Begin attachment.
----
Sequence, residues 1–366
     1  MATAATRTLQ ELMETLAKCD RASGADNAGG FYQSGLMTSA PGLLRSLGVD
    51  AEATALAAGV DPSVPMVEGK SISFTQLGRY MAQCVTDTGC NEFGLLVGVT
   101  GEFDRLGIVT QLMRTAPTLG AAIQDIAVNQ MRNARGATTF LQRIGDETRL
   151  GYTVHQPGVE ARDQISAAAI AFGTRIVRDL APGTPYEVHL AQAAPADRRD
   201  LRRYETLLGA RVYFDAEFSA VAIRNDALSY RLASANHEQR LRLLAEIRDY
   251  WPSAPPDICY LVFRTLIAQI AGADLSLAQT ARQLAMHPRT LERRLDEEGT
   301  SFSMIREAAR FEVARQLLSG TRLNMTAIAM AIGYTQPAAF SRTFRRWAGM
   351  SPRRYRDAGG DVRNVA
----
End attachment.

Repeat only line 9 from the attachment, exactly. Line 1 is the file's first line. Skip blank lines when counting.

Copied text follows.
   351  SPRRYRDAGG DVRNVA